Who can get it?

Only foreign nationals from treaty nations may apply for the E-2 visa. To find out if your country qualifies, click here.

Level of Investment

Therefore, the level of investment must be such that it is sufficient to justify presence of the treaty national in the United States. The investment must be in an operating business e.g. a speculative investment in undeveloped land would not qualify, whereas an investment in a real estate development project probably would. Also, a substantial part of the investment must have been made prior to applying for E-2 status.

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What are some alternatives to the H-1B visa?

By now you know that the H-1B cap has been reached for Fiscal Year 2019. But what happens if you were not selected in the H-1B visa lottery?

In this post, we will discuss some alternatives to the H-1B visa that will allow you to stay and work in the United States.

  1. The O-1 “Extraordinary Ability” Visa:

This visa type is for aliens of extraordinary ability in the sciences, education, business, athletics, motion picture, television, or arts industries who have received national and/or international acclaim in their field. An alien on an O-1 visa may live and work in the United States for a period of up to three years.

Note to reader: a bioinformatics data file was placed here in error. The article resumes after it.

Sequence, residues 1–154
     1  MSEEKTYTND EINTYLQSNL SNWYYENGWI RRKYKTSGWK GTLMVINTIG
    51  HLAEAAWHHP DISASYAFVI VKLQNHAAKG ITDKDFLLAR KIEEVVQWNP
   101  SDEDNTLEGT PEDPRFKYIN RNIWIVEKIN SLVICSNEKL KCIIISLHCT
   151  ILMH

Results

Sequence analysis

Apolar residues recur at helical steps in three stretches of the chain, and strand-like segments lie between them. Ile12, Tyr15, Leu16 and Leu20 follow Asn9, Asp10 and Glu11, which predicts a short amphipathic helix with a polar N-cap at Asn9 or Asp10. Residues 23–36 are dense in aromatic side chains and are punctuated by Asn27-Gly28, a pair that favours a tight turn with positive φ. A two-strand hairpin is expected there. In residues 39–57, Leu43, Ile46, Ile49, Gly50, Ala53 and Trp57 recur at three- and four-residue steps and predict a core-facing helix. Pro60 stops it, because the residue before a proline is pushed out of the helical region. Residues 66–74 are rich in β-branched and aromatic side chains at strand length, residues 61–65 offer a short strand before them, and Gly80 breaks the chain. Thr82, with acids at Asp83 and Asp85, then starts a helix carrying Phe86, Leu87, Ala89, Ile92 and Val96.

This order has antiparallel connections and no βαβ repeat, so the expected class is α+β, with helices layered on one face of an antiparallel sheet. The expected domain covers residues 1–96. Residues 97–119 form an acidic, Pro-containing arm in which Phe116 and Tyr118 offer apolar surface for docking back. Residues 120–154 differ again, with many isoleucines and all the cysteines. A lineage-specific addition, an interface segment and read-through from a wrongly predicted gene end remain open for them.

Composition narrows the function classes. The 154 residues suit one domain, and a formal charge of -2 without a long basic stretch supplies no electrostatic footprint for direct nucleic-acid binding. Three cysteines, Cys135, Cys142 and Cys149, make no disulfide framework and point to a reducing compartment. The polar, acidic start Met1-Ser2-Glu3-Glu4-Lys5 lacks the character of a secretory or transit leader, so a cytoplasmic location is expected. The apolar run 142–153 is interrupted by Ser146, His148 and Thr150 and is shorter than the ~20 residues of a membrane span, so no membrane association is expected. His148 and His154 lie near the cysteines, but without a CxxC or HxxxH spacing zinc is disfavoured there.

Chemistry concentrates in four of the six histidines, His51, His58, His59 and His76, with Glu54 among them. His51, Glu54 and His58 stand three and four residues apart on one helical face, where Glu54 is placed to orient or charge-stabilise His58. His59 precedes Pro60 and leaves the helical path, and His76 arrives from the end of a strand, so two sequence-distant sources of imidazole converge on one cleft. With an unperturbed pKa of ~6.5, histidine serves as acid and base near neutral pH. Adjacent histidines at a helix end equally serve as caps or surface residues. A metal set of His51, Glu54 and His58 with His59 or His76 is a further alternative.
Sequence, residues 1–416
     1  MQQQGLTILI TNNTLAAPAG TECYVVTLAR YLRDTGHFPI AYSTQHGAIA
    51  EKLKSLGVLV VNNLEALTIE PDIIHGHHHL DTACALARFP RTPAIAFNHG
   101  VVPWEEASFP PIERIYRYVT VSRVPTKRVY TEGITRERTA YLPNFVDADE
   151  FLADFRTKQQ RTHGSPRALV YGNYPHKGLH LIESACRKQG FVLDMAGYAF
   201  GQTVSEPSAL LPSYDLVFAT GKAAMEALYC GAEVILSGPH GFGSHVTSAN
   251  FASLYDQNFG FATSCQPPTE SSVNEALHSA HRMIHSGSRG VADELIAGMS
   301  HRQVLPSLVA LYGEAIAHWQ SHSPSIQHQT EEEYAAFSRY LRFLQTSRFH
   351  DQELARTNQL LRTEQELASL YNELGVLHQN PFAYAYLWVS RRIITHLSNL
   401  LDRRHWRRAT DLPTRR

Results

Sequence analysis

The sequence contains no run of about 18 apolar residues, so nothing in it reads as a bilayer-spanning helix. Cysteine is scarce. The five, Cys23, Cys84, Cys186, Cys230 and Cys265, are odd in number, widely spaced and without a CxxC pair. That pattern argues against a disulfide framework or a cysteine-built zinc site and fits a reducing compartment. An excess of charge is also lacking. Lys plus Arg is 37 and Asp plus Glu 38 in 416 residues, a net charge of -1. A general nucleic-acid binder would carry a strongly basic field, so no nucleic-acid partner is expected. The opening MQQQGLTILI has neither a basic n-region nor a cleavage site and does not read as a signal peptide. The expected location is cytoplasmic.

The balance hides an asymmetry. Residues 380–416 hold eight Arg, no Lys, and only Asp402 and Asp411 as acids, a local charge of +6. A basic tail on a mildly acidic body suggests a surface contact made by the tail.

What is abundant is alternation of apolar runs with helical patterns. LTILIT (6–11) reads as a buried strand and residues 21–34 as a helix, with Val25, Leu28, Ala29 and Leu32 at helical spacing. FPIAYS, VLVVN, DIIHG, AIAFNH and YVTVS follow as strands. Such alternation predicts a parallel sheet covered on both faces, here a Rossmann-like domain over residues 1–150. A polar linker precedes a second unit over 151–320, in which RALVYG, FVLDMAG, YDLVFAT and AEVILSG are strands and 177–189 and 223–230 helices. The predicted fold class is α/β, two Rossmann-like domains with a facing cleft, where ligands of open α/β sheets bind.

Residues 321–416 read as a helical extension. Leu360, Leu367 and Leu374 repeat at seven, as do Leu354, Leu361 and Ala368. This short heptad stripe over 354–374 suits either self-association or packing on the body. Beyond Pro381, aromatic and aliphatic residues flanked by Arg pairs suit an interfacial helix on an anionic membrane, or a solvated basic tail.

An O-1 visa is a great visa for people in the start-up world and technology sector. This visa is for people holding an advanced degree (at least a master’s degree) who have either started their own business, have patented inventions, are leading experts in their fields, and/or have gained notoriety in their fields as evidenced by awards and other national recognitions.

  1. TN Visa for Mexican and Canadian Nationals

The TN visa allows nationals of Mexico and Canada to work in the United States, provided their profession is on the NAFTA list. The maximum period of initial admission to the US is three years, but visa holders may apply for extensions in amounts of one year.

  1. E-3 Visa for Australian Nationals

Similar to the H-1B visa, the E-3 classification allows Australian nationals to travel to the United States to work in a specialty occupation. Applicants must have a bachelor’s degree or its equivalent to qualify and must work in a specialty occupation often associated with the STEM occupational fields. The E-3 visa is issued for an initial period of no more than 2 years, with extensions granted in 2-year increments.

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In this post, we discuss the top most commonly denied specialty occupations for the H-1B visa program. Don’t be caught in the dark. For more information just keep on watching.